HL Deb 25 November 1948 vol 159 cc619-21

4.6 p.m.


My Lords, I think it would be your Lordships' desire that I should make a statement on Eire, especially as such a statement is being made by the Prime Minister in another place at the present moment.

In 1937 a new Constitution was enacted in Eire, in which no reference was made to the Crown. This, however, left in force the Eire Executive Authority (External Relations) Act of 1936, which authorised His Majesty The King to act on behalf of Eire in certain matters within the field of external affairs as and when advised by the Eire Executive Council to do so. In December, 1937, the United Kingdom Government stated, after consultation with the Governments of Canada, Australia, New Zealand and South Africa, that they, like those Governments, were prepared to treat the new Constitution as not effecting a fundamental alteration in the position of Eire as a member of the Commonwealth.

On September 7 last the Prime Minister of Eire, Mr. Costello, announced that the Eire Government were preparing to repeal the External Relations Act. Subsequently, Mr. Costello confirmed this intention.

As the House is aware, my right honourable friend took advantage of the presence in London during October of other Commonwealth Ministers to arrange on October 17 for preliminary discussions with Eire Ministers in order to explore the consequences which would flow from the Legislation proposed in Eire. Representatives of Canada, Australia and New Zealand, in which there are particularly large numbers of people of Irish ancestry, participated in these discussions.

Since then, the matter has been under constant examination here. When the Eire Government announced that their Repeal Bill (to be entitled the "Republic of Ireland Bill") would be introduced on November 17, my right honourable friend thought it right that the situation should be further discussed with members of the Eire Government and with the Prime Minister of New Zealand, the Deputy Prime Minister of Australia and the Canadian Secretary of State for External Affairs, all of whom were in Paris for the meeting of the General Assembly of the United Nations. Discussions took place accordingly in Paris last week. I should like to take this opportunity of expressing my warm appreciation of the constructive part played by Mr. St. Laurent, Mr. Fraser, Dr. Evatt and Mr. Pearson in the preliminary discussions. My right honourable friend has also discussed this matter personally with the Prime Minister of Northern Ireland and informed him fully of the position.

As a result of these discussions, the United Kingdom Government have been able to give the most careful consideration to the relations between the United Kingdom and Eire when the Republic of Ireland Bill comes into force. They regret that Eire will then no longer be a member of the Commonwealth. The Eire Government have, however, stated that they recognise the existence of a specially close relationship between Eire and the Commonwealth countries and desire that this relationship should be maintained. These close relations arise from ties of kinship and from traditional and long-established economic, social and trade connections based on common interest. The United Kingdom Government, for their part, also recognise the existence of these factual ties, and are at one with the Eire Government in desiring that close and friendly relations should continue and be strengthened.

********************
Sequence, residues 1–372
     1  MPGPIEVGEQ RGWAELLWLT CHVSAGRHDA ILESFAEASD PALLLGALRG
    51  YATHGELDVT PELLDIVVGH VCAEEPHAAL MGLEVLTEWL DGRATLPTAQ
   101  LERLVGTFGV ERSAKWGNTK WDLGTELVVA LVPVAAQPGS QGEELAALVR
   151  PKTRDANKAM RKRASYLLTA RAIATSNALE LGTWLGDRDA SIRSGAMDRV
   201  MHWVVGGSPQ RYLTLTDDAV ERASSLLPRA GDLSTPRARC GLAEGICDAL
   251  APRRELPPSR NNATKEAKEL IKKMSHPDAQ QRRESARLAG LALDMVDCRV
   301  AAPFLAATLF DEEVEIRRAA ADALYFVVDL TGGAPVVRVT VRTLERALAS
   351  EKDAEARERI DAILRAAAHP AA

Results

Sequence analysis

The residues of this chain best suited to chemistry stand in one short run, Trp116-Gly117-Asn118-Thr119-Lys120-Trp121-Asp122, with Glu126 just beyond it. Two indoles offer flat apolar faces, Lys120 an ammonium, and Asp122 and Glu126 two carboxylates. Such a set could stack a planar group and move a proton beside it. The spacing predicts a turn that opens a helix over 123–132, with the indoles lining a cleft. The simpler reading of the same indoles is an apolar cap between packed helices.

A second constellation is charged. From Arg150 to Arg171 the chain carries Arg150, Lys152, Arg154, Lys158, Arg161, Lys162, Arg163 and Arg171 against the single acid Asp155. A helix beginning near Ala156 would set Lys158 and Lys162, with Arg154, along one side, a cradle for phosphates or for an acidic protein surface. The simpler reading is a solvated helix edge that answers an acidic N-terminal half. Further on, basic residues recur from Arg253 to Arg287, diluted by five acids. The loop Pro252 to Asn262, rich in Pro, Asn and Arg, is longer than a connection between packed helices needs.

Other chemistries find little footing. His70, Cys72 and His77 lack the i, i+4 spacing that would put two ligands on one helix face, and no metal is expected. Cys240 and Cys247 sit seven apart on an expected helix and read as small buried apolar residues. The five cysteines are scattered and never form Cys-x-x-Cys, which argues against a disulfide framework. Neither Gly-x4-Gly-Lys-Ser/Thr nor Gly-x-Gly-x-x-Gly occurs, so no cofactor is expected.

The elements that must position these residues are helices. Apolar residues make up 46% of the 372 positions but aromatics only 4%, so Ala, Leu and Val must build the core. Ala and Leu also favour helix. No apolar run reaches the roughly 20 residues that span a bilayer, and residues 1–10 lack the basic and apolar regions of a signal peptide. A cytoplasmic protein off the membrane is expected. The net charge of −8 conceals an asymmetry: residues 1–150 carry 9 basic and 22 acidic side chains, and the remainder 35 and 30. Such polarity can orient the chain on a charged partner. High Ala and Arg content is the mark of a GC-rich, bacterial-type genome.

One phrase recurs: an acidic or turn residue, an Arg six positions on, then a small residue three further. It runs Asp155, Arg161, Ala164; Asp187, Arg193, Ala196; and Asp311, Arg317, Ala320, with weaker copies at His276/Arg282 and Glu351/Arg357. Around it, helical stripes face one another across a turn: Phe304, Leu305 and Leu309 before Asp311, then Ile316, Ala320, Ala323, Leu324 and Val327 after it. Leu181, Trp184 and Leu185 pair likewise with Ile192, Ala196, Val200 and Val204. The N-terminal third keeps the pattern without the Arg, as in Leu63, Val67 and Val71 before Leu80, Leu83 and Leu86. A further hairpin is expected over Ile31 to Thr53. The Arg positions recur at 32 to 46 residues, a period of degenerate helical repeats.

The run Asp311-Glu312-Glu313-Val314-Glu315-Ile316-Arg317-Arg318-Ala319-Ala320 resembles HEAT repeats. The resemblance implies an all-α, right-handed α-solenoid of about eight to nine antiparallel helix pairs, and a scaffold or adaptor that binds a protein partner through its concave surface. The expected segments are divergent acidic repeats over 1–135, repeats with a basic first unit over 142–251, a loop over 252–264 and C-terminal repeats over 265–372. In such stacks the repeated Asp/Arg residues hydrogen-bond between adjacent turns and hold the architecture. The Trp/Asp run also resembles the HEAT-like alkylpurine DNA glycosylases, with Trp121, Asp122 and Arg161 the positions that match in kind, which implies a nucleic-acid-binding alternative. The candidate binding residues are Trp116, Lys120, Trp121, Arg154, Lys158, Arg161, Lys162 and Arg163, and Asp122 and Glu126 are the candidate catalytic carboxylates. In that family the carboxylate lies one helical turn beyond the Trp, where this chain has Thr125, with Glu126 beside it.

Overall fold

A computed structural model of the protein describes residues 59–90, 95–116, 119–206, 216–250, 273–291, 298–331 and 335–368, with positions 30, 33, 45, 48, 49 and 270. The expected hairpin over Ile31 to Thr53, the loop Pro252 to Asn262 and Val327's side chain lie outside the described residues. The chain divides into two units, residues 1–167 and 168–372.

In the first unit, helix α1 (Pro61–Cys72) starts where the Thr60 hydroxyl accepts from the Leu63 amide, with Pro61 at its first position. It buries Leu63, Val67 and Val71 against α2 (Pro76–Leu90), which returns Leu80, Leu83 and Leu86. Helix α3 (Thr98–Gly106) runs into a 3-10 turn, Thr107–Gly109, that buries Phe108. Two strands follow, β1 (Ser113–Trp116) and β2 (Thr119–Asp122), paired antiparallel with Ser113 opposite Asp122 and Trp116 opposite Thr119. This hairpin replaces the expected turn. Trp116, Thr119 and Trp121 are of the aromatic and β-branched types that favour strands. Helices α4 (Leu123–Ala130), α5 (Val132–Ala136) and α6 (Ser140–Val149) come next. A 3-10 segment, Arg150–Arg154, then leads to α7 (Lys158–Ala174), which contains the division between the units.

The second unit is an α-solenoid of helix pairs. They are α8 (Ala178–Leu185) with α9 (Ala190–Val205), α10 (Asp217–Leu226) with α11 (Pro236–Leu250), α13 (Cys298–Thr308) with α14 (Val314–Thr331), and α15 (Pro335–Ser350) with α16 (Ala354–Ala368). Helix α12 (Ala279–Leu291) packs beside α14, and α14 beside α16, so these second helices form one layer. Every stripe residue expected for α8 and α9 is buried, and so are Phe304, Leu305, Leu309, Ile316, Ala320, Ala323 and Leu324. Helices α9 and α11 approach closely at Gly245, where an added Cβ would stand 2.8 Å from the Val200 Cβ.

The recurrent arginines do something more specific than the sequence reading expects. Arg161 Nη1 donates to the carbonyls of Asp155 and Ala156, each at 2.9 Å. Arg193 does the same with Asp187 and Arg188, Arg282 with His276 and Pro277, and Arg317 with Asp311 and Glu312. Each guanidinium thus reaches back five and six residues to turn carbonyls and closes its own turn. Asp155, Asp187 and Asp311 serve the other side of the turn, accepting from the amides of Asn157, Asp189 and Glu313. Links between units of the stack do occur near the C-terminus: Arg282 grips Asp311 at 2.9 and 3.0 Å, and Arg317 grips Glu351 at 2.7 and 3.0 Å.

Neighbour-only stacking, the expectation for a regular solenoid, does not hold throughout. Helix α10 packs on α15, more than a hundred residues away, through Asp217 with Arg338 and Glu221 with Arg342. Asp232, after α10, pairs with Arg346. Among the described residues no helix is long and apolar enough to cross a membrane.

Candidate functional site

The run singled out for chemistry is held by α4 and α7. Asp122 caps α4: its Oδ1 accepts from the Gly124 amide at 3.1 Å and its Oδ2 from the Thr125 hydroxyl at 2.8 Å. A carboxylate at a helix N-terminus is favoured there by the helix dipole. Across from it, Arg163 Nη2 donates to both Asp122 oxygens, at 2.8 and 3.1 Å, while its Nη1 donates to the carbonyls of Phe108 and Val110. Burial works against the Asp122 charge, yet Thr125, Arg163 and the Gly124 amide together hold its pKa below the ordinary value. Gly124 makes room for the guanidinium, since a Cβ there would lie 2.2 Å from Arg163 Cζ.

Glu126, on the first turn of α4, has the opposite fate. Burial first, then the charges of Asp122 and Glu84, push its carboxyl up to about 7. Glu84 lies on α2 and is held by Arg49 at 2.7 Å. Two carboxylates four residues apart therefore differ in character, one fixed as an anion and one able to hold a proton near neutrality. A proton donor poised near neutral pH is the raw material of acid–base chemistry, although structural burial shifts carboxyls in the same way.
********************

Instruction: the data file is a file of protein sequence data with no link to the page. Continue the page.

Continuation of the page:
Accordingly, the United Kingdom Government will not regard the enactment of this legislation by Eire as placing Eire in the category of foreign countries or Eire citizens in the category of foreigners. The other Governments of the Commonwealth will, we understand, take an early opportunity of stating their policy in the matter.

The position of Eire citizens in the United Kingdom will be governed by the British Nationality Act, 1948. The Eire Government have stated that it is their intention to bring their legislation into line with that in Commonwealth countries so as to establish by Statute that, in Eire, citizens of Commonwealth countries receive comparable treatment.


My Lords, the statement which has just been made by the noble and learned Viscount the Lord Chancellor, on behalf of His Majesty's Government, is clearly of fundamental importance, both from the facts which it exposes and the implications to which it gives rise. It will require very careful study from us all. But I would say at once, and I believe I speak for all those who sit on these Benches, that I am profoundly disturbed by the nature of the settlement which has been reached. The Crown is not only the symbol, it is the essence of the family relationship which constitutes the British Commonwealth. Eire has repudiated her allegiance to the Crown. Of her own free will she has destroyed that family relationship. She has, of course, a perfect right to do this if she wishes, but I cannot see why, in these circumstances, she should retain all the advantages of membership. I consider it, indeed, deplorable that she should do so. I believe that this settlement will inflict a profound injury upon the whole structure of the Commonwealth and I am bound, even at this stage, to dissociate those for whom I speak entirely from it.

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